::
:: Process arguements
::
if "%~1%"=="/?" goto help
if "%~1%"=="" goto help
if "%~2%"=="/?" goto help
if "%~2%"=="" (
    echo !!! Error: ParseFn requires two inputs. !!!
    goto help)

set in=%~1%
set out=%~2%
:: echo "%in:~3,1%"   "%in:~0,1%"
if "%in:~3,1%"=="" (
    if "%in:~0,1%"=="/" (
    set in=%~2%
    set out=%~1%)
)

::
:: Parse filename
::
set "ret="
For %%A in ("%in%") do (
    if "%out%"=="/f" (set ret=%%~fA)
    if "%out%"=="/d" (set ret=%%~dA)
    if "%out%"=="/p" (set ret=%%~pA)
    if "%out%"=="/n" (set ret=%%~nA)
    if "%out%"=="/x" (set ret=%%~xA)
    if "%out%"=="/s" (set ret=%%~sA)
    if "%out%"=="/a" (set ret=%%~aA)
    if "%out%"=="/t" (set ret=%%~tA)
    if "%out%"=="/z" (set ret=%%~zA)
    if "%out%"=="/dp" (set ret=%%~dpA)
    if "%out%"=="/nx" (set ret=%%~nxA)
    if "%out%"=="/fs" (set ret=%%~fsA)
)
echo ParseFn result: %ret%
echo.

goto end
:help
@echo off
:: @echo ::___________________________________________________________________::
:: @echo ::                                                                   ::
:: @echo ::                           ParseFn Help                            ::
:: @echo ::                                                                   ::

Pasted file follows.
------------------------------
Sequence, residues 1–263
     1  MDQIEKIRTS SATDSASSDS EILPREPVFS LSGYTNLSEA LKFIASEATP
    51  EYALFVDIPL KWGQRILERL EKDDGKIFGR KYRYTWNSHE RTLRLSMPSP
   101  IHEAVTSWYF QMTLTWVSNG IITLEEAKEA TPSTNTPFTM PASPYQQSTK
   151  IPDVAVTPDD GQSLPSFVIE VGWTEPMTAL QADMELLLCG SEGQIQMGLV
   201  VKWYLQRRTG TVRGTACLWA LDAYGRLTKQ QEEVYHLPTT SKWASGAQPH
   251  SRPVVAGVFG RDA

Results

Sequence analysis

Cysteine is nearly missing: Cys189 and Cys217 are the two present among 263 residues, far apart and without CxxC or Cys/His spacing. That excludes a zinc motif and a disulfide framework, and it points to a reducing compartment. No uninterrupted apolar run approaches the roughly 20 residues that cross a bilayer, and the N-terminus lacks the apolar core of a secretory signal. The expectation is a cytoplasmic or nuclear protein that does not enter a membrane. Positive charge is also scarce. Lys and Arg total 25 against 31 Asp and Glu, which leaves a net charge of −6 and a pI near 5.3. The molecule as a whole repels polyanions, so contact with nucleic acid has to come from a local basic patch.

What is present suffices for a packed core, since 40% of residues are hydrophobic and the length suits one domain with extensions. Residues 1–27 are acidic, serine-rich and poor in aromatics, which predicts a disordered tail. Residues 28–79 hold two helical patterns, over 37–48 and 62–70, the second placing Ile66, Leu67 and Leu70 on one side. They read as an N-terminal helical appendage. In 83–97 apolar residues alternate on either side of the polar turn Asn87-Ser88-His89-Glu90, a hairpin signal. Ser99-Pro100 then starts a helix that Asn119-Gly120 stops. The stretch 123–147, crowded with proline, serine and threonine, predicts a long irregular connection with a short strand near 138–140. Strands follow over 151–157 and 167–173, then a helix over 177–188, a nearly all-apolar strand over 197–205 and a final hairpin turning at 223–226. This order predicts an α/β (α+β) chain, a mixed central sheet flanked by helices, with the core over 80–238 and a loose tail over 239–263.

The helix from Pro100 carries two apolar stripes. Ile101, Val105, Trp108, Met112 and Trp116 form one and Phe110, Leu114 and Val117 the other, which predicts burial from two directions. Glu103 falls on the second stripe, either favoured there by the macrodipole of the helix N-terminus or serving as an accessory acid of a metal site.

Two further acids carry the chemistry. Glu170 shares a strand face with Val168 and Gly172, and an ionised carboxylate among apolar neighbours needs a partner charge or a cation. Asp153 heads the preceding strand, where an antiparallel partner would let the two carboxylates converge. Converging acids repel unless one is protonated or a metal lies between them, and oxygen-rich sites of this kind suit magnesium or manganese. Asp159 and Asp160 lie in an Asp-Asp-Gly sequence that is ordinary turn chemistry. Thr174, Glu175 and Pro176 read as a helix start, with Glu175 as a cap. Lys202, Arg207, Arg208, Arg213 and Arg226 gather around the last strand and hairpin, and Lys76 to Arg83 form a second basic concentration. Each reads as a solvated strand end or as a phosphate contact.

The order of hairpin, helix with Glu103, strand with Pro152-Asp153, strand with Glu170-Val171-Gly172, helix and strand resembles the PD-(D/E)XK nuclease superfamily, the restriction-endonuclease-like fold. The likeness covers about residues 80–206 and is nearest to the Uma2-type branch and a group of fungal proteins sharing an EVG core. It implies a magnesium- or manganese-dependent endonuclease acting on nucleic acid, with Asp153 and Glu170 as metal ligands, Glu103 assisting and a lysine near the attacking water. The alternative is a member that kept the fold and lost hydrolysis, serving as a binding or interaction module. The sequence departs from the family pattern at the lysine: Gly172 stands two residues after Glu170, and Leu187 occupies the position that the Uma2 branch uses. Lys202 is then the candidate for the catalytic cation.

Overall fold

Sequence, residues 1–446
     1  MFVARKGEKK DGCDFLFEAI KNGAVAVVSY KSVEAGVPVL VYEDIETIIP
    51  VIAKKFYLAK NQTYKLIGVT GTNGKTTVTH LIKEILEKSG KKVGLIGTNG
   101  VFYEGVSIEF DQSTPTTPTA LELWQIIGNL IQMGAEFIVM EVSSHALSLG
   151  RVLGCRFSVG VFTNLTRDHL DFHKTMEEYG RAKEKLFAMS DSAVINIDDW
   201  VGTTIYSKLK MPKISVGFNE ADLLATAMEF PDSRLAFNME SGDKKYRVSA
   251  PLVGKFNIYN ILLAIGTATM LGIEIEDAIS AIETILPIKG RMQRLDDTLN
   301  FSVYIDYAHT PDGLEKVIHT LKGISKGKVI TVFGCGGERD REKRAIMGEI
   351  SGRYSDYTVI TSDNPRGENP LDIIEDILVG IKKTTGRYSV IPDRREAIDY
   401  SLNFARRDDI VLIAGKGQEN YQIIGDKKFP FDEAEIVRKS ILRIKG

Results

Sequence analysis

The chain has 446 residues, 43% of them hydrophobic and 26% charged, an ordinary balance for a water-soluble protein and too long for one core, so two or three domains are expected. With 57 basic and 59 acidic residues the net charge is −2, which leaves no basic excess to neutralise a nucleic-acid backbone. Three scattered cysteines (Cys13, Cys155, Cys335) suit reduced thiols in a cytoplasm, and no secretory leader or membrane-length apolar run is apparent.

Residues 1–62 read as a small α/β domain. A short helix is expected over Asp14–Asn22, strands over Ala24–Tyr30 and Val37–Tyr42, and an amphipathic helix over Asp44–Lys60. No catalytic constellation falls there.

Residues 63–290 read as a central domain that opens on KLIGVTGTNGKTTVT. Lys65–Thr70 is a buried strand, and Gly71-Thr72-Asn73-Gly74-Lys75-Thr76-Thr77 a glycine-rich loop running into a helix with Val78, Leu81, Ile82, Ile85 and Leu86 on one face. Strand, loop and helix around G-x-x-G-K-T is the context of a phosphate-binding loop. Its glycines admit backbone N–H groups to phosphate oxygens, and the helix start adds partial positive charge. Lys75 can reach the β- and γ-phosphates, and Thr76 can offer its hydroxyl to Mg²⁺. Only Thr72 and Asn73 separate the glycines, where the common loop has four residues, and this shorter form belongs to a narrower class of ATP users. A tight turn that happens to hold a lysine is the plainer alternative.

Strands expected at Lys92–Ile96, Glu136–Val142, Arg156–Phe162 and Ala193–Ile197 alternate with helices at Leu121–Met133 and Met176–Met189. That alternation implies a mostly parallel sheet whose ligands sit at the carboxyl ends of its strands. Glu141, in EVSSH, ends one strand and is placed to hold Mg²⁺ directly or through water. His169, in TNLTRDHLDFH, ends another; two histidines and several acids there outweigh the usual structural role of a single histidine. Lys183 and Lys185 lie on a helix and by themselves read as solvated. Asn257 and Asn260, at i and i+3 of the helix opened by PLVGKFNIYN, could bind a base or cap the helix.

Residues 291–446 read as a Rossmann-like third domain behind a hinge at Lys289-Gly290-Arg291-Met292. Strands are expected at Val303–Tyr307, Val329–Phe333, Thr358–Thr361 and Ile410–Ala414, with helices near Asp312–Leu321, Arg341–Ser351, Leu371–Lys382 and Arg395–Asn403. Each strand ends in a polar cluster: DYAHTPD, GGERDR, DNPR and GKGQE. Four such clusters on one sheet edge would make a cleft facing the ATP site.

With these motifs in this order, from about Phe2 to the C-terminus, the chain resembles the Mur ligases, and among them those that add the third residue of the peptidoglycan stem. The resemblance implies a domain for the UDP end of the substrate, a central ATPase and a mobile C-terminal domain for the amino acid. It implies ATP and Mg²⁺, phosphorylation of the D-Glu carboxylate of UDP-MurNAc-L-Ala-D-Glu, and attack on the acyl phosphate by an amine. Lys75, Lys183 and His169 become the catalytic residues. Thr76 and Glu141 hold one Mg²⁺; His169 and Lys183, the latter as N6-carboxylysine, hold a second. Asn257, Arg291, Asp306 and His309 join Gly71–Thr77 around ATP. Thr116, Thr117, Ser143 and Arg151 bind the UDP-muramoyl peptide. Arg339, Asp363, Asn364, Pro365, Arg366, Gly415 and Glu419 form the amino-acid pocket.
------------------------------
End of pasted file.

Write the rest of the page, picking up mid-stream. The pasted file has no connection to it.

:: @echo ::                           Chris Advena                            ::
:: @echo ::___________________________________________________________________::
@echo.
@echo ParseFn parses a fully qualified path name (e.g., c:\temp\my.bat)
@echo into the requested component, such as drive, path, filename, 
@echo extenstion, etc.
@echo.
@echo Syntax: /switch filename
@echo where,
@echo   filename is a fully qualified path name including drive, 
@echo   folder(s), file name, and extension
@echo.
@echo   Select only one switch:
@echo       /f - fully qualified path name
@echo       /d - drive letter only
@echo       /p - path only
@echo       /n - file name only
@echo       /x - extension only
@echo       /s - expanded path contains short names only
@echo       /a - attributes of file
@echo       /t - date/time of file
@echo       /z - size of file
@echo      /dp - drive + path
@echo      /nx - file name + extension
@echo      /fs - full path + short name
@echo.

:end
:: @echo ::___________________________________________________________________::
:: @echo ::                                                                   ::
:: @echo ::                         ParseFn finished                          ::